Jack Lovelock was a poor kid in New Zealand who was so smart and athletic that he won an academic scholarship to high school, was valedictorian of his class, the school boxing champion, the best swimmer and rugby player in his region and a champion debater. He won a scholarship to the University of Otago Medical School where he was one of the fastest college mile and cross country runners in New Zealand. In 1931, at age 21, he became a Rhodes Scholar at Oxford, England and received his medical training at St Mary's Hospital in London. Before receiving his medical degree at age 24, he won the English Amateur Athletic Association mile championship and the gold medal in the British Empire Games mile.
In 1936, at age 26, he won the Olympic 1500 meter run in a world record 3 minutes and 47.8 seconds. It was the first time since 1904 that an Olympic 1,500-meter winner had broken the world record and was also New Zealand's first Olympic gold medal ever. In the last 300 yards of the race, he out-sprinted by four meters two other runners who had far more basic speed than he had — the 1932 Olympic champion, Italian Luigi Beccali, and the U.S runner Glen Cunningham.
His Running Life
Lovelock was born in 1910 to a sickly father who had emigrated from England to find work in New Zealand and died when his son was only 13 years old. At school, Lovelock was always the best of the best. In 1931, he entered Oxford University and in 1932 he broke the British Empire record for the mile in 4 minutes 12.0 seconds which was the fifth-fastest mile ever. In the 1932 Olympic games in Los Angeles, he finished seventh in the 1,500 meters. In 1933, he defeated American Bill Bonthron on his home track at Princeton University in a world record, 4 minutes 7.6 seconds and in 1934 won the British Empire Games mile. In 1936, he won his Olympic gold medal even though he had injured his knee before the race. After winning the gold medal, he competed a few more times and then retired from running. He worked as a doctor specializing in rheumatology and wrote newspaper articles on sports.
After the Olympics
in September 1940, he fell off his horse during a hunt and lay on the ground with a broken arm and leg, undiscovered for more than an hour. He remained unconscious for two days and suffered from headaches, dizziness and vision problems for the rest of his life.
In World War II, he served as a major in the British Army. In 1945, he married Cynthia Wells James, an American employed as a secretary at the American Hospital in London, and they had two daughters. In 1947 they moved to New York where Lovelock worked as assistant director of physical medicine and director of rehabilitation at New York Hospital for Special Surgery in Manhattan.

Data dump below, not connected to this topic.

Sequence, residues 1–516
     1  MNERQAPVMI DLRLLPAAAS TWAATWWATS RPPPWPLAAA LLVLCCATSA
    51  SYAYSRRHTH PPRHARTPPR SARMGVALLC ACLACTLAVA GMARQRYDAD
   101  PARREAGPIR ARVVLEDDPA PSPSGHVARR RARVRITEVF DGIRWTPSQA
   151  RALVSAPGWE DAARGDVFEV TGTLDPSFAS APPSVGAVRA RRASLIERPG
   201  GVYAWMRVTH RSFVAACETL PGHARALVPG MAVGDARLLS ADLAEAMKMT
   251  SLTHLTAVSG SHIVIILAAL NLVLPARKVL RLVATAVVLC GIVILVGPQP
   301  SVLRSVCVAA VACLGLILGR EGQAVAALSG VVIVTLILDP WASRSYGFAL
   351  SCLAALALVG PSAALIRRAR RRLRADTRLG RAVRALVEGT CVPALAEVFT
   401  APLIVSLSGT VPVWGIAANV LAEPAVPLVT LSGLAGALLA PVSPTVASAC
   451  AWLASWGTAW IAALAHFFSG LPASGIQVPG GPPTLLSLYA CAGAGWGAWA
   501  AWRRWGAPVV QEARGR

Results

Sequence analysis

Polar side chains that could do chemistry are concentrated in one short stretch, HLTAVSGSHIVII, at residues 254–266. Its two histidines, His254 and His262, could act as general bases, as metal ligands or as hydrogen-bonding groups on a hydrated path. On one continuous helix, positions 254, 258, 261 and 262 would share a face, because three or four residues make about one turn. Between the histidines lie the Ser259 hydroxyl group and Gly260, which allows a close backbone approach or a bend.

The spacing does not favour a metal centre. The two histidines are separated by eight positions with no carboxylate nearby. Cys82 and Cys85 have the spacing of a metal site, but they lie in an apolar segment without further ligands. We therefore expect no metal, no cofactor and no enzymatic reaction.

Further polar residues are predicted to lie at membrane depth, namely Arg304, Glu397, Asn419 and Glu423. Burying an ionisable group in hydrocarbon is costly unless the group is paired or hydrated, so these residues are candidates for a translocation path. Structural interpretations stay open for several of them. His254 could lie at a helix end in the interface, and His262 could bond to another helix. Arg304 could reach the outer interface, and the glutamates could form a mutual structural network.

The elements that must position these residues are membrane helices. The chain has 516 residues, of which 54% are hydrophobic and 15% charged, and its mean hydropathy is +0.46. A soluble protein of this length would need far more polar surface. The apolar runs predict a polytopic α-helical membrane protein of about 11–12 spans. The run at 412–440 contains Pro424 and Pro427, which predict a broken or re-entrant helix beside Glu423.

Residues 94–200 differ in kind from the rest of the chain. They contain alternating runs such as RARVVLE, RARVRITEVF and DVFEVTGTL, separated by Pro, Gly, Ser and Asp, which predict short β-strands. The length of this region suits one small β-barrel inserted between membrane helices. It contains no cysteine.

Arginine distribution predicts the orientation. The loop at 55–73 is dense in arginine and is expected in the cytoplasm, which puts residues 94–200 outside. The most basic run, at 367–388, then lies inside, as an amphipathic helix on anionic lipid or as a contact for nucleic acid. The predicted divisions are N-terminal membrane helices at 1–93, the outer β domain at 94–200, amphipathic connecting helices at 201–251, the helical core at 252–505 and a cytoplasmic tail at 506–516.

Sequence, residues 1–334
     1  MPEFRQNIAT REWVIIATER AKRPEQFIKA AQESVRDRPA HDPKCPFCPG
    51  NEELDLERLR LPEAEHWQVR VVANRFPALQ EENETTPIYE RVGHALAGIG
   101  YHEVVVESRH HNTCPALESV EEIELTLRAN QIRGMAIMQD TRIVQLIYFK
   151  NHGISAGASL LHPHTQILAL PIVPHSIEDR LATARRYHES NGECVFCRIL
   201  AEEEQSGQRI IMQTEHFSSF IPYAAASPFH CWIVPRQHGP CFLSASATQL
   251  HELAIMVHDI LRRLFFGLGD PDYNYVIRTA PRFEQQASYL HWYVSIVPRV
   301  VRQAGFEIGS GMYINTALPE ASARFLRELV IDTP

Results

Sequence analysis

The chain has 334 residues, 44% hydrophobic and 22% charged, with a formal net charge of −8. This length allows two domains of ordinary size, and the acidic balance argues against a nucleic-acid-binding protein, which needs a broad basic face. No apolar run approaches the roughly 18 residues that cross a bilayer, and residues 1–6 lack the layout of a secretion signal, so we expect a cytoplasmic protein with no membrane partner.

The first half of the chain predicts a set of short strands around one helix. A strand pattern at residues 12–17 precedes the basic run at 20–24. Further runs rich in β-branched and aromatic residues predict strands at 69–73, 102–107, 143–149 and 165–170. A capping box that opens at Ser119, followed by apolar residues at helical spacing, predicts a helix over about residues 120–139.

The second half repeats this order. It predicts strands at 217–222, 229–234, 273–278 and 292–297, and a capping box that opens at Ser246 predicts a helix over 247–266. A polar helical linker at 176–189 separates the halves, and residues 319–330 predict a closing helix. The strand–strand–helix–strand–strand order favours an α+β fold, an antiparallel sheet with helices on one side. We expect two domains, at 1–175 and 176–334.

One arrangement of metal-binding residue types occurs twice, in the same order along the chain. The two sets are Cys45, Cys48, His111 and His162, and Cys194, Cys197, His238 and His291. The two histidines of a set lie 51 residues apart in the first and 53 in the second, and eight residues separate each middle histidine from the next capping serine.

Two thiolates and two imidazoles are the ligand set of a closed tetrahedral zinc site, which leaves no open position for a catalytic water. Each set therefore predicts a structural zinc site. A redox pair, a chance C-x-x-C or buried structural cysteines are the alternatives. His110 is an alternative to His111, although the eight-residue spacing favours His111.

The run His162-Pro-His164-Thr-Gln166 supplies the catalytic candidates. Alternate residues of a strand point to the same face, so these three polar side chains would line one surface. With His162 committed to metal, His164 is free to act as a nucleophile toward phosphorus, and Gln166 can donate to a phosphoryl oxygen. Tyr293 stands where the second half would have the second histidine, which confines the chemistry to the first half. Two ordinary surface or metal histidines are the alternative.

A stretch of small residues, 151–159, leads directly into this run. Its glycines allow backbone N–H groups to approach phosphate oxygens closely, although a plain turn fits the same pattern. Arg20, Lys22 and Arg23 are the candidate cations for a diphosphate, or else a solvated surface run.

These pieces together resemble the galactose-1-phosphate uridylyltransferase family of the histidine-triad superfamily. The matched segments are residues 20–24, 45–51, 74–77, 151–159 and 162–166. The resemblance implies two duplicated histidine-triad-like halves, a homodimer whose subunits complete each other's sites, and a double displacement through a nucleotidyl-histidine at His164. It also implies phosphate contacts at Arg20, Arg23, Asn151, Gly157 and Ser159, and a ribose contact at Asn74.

One day in December 1949, he felt sick but went to work anyway. He was too sick to work so he tried to return home later that morning. In a nearly empty subway station, he fell onto the tracks and was run over by the subway train which killed him instantly,. There were no witnesses, but since there was no reason to suspect suicide, it appears that he had one of his dizzy spells or fainted. He was 39 years old.
Lifelong Impact of Head Trauma
Head injuries can cause severe and lasting damage or death. Your brain is three pounds of soft tissue locked in a tight box that is your skull. When you bang your head, your brain bounces from one side to the other and sustains repeated damage with each strike and counter strike against your skull. This can break blood vessels that will bleed into your brain. Your brain is three pounds of soft tissue locked in your skull, a tight box that cannot expand, so the increasing pressure of continued bleeding will take up the space previously occupied by your brain and squash your brain which can kill you. If you have continued bleeding into your brain, doctors may have to drill holes in your skull and remove the excess blood.
After you hit your head, you may lie unconscious for hours or weeks. Once you recover consciousness you can suffer headaches, dizziness, lack of awareness of surroundings, nausea and vomiting. You can also have no immediate symptoms and never lose consciousness but still suffer serious and progressive symptoms later on. Signs of brain damage can include:
• difficulty remembering, concentrating and processing your thoughts
• a wide range of emotional problems from depression to anxiety,
• irrational and damaging behavior such as uncontrolled anger and inappropriate actions.
Long-term consequences of brain damage can include difficulty paying attention, concentrating, solving problems, speaking and finding appropriate words. The person may also suffer headaches, changes in taste and smell, dizziness, loss of balance, slowed responses, tiredness, shortened attention span, forgetfulness, difficulty making decisions, frustration, irrational behavior, unreasonable anger and loss of memory. They may have blurred vision, sensitivity to bright lights, difficulty focusing, reduced hearing, intolerance to loud noises, ringing in the ears, anxiety, depression, mood swings and sleep disorders. Head injuries are also associated with increased intake of: alcohol, prescription drugs, illegal drugs, over-the-counter medications, tobacco or food, probably as part of the person's efforts to cope with the after-effects of the injury.
Treatment of Head Injuries
With prompt emergency treatment, doctors can prevent some deaths from head injuries by relieving pressure from bleeding into the brain and keeping patients alive if they stop breathing. However, there is no medical treatment for damaged brain tissue. A recovering patient may be able to relearn some lost skills using the parts of the brain that are undamaged, but this can be a long and difficult process. Some lost functions, behaviors and skills are never recovered.
January 5, 1910 – December 28, 1949